Medication is not the focus for most patients who seek substance abuse treatment, but it can be a part of the initial stabilization process that occurs in early recovery during detox. Depending upon the drug of choice, different medications may be available and/ or appropriate for your loved one, but there are risks and considerations to keep in mind.
Everyone is different, and different circumstances may affect the efficacy of a certain medication choice, including:
- Drug of addiction
- Daily dose of that drug
- Other illicit substances abused regularly
- Medications taken for other disorders (e.g., mental health disorders, physical ailments)
- History with drug addiction treatment and detox
- Goals for recovery
Learn more about the types of medications and other therapeutic options that may be appropriate for your loved one when you contact us at the phone number listed above today.
Medications: When and Why
Most patients encounter medications as a part of substance abuse treatment during the first phase of recovery. As the body adjusts to being without the drug of choice, many patients experience physical withdrawal symptoms, and for some drugs, there have been medications developed that are clinically proven to be effective in mitigating those symptoms. Drugs like buprenorphine and methadone, for example, may be prescribed to patients who are going through heroin detox so that they can more quickly stabilize and move forward into psychotherapeutic treatment.
In some cases, it may be appropriate for patients to take medications after detox during treatment as well, according to the National Institute on Drug Abuse (NIDA). These medications may be effective at helping patients to fight cravings for their drug of choice and to stay focused on the psychotherapeutic treatment that will help them to find a firm footing in recovery. For example, those in treatment for alcoholism may utilize medications like naltrexone, disulfiram, or acamprosate. These medications may help patients to:
- Block the brain’s reward system experience associated with drinking
- Fight cravings
- Deal with protracted detox symptoms like insomnia, restlessness, agitation, and others
- Experience a negative physical reaction (e.g., nausea, vomiting, heart palpitations, etc.) if they relapse during treatment and drink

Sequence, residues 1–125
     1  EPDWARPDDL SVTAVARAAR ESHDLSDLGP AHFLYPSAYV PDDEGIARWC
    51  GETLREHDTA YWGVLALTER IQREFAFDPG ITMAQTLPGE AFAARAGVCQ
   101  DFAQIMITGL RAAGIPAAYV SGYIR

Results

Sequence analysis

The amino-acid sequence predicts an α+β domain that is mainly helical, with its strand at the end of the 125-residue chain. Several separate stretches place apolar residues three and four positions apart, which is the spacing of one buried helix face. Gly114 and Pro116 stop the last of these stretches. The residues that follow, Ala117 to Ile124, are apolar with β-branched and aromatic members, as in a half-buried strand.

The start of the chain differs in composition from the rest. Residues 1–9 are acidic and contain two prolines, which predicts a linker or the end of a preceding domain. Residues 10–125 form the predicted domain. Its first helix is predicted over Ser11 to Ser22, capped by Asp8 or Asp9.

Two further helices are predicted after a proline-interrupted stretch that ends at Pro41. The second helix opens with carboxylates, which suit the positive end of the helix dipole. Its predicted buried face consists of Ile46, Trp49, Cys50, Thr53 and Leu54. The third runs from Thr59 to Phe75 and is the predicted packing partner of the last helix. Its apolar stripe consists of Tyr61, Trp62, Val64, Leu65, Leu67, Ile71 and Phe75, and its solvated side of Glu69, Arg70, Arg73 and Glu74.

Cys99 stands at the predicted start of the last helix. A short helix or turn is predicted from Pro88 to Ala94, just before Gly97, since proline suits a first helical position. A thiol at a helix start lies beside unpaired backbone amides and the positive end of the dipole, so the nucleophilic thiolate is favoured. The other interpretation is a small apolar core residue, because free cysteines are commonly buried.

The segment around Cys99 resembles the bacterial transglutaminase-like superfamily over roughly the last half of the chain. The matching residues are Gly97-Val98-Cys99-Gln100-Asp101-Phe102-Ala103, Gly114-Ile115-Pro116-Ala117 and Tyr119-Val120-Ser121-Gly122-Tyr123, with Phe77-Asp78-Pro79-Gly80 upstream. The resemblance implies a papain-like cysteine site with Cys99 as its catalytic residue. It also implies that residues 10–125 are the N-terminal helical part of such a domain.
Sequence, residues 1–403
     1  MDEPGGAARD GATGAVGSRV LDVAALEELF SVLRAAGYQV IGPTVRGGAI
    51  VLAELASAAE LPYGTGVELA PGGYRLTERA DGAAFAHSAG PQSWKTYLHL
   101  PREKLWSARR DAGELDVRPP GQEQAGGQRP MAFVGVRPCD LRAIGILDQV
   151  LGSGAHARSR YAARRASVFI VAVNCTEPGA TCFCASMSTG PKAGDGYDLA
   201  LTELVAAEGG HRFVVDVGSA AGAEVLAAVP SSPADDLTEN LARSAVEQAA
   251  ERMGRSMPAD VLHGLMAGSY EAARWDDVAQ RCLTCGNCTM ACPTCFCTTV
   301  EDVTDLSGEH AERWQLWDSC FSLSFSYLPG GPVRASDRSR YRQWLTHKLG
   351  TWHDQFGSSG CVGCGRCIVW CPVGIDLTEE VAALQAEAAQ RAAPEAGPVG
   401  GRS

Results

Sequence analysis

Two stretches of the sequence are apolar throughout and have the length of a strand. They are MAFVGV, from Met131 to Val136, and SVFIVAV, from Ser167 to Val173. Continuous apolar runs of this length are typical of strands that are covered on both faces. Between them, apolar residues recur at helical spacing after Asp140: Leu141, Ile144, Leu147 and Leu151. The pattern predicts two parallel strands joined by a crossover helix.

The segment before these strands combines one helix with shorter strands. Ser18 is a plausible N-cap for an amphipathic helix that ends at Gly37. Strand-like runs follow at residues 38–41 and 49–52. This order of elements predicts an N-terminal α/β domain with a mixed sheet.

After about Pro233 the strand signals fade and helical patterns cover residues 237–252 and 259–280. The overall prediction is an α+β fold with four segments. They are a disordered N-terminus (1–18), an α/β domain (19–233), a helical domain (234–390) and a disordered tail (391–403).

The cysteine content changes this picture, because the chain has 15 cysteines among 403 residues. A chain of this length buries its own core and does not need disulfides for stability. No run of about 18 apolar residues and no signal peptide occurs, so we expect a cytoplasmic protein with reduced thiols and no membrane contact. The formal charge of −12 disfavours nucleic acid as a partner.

It’s not uncommon for those who struggle with substance abuse to also need treatment for co-occurring mental health symptoms. In fact, the Substance Abuse and Mental Health Administration (SAMHSA) reports that more than 8.9 million Americans are living with both a mental health disorder and a substance abuse issue. Because the causes and effects of both of these issues are often inextricably intertwined, it is recommended that patients choose treatment at a program that offers resources to intensively treat both disorders at the same time.
This means finding a Dual Diagnosis treatment program that offers more than just medication; it means locating a program that has the ability to provide your loved one with a range of in-depth therapeutic resources, which according to a study published in the American Journal of Psychiatry, might include:
- Cognitive Behavioral Therapy (CBT): This action-oriented and directed therapy aids patients in identifying triggers for substance abuse and learning how to deal with those triggers through new behavior and thought patterns.
- Family therapy: Getting support at home is helpful for long-term recovery and often starts by healing old wounds and learning how to get needs met healthfully.
- Motivational Interviewing: Helping the patient to move forward based on their state of readiness and at their own pace can be a key component of an effective program.
- Motivational incentives: Positive reinforcement for hard work in recovery can help patients to stay focused even when things get difficult.
Find the Right Drug Rehab Today
You can help your loved one connect to a drug and alcohol addiction treatment program that provides them with the help they need to deal with all the obstacles to recovery – including mental health disorders or symptoms – when you contact our admissions coordinators at the phone number above. Call now.
Further Reading About Medications for Substance Abuse Treatment
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David W. Newton is a board certified pharmacist and also has been a board member for boards of examiners for the National Association of Boards of Pharmacy since 1983. His areas of expertise are primarily pharmaceuticals as well as cannabinoids. You can read an article about his expertise in CBD on the National Library of Medicine.